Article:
Objectives Institutional studies suggest robotic mitral surgery may be associated with superior outcomes. The objective of this study was to compare the outcomes of robotic, minimally invasive (mini), and conventional mitral surgery.
Methods A total of 2300 patients undergoing non-emergent isolated mitral valve operations from 2011 to 2016 were extracted from a regional Society of Thoracic Surgeons database. Patients were stratified by approach: robotic (n=372), mini (n=576) and conventional sternotomy (n=1352). To account for preoperative differences, robotic cases were propensity score matched (1:1) to both conventional and mini approaches.
Results The robotic cases were well matched to the conventional (n=314) and mini (n=295) cases with no significant baseline differences. Rates of mitral repair were high in the robotic and mini cohorts (91%), but significantly lower with conventional (76%, P<0.0001) despite similar rates of degenerative disease. All procedural times were longest in the robotic cohort, including operative time (224 vs 168 min conventional, 222 vs 180 min mini; all P<0.0001). The robotic approach had comparable outcomes to the conventional approach except there were fewer discharges to a facility (7% vs 15%, P=0.001) and 1 less day in the hospital (P<0.0001). However, compared with the mini approach, the robotic approach had more transfusions (15% vs 5%, P<0.0001), higher atrial fibrillation rates (26% vs 18%, P=0.01), and 1 day longer average hospital stay (P=0.02).
Conclusion Despite longer procedural times, robotic and mini patients had similar complication rates with higher repair rates and shorter length of stay metrics compared with conventional surgery. However, the robotic approach was associated with higher atrial fibrillation rates, more transfusions and longer postoperative stays compared with minimally invasive approach.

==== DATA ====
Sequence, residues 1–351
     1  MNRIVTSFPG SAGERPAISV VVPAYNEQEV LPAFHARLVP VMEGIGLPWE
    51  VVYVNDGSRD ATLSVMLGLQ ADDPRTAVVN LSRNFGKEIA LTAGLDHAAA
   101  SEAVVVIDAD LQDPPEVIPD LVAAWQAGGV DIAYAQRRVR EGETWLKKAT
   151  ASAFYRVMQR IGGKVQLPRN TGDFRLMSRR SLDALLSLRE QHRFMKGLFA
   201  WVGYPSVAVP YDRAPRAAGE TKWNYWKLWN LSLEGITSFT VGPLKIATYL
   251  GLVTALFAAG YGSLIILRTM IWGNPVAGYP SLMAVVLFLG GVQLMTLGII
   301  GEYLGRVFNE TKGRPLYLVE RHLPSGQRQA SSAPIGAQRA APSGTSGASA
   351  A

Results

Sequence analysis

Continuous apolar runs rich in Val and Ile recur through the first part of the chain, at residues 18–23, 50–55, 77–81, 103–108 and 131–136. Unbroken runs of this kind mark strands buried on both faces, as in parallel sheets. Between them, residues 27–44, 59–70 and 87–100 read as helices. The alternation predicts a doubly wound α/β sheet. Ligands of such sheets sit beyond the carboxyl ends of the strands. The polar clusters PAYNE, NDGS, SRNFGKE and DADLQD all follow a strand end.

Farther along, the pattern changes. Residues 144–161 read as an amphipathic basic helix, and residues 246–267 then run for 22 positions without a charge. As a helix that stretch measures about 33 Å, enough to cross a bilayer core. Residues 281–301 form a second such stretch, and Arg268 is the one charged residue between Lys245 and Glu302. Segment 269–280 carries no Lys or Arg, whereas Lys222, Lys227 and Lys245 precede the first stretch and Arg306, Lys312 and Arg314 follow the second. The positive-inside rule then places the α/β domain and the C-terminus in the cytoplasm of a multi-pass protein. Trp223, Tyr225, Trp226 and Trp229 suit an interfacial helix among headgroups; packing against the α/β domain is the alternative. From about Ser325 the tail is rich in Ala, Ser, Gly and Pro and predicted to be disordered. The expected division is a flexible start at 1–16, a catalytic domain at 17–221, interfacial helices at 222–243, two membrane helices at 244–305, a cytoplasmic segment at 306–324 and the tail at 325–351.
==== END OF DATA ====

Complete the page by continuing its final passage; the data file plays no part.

- valve disease surgery
- mitral regurgitation
- cardiac surgery
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Contributors All authors have provided substantial contributions to this project including conception, design, data acquisition, analysis or interpretation. Additionally all authors have either drafted parts of the manuscript or provided critical revisions and provided final approval for publication.
Funding This work was supported in part by the National Heart, Lung, and Blood Institute of the National Institutes of Health (T32HL007849).
Disclaimer The content is solely the responsibility of the authors and does not represent the official views of the National Institutes of Health.
Competing interests GA is a consultant for Abbott, Edwards, Medtronic, and Cephea. AS is a consultant on the Medtronic Cardiac Surgery Advisory Board.
Patient consent Not required.
Provenance and peer review Not commissioned; externally peer reviewed.
Data sharing statement The Virginia Cardiac Services Quality Initiative maintains a regional database containing clinical data collected for the Society of Thoracic Surgeons (STS) adult cardiac database and financial data. Business associate agreements are in place between VCSQI, members and the database vendor (ARMUS Corporation, San Mateo, CA, USA).
Correction notice Since this editorial was first published online, the author Matthew Mullen’s middle initial has changed from M to G.
Presented at Presented at the 64th Annual Meeting for Southern Thoracic Surgical Association, November 8-11, 2017, San Antonio, Texas.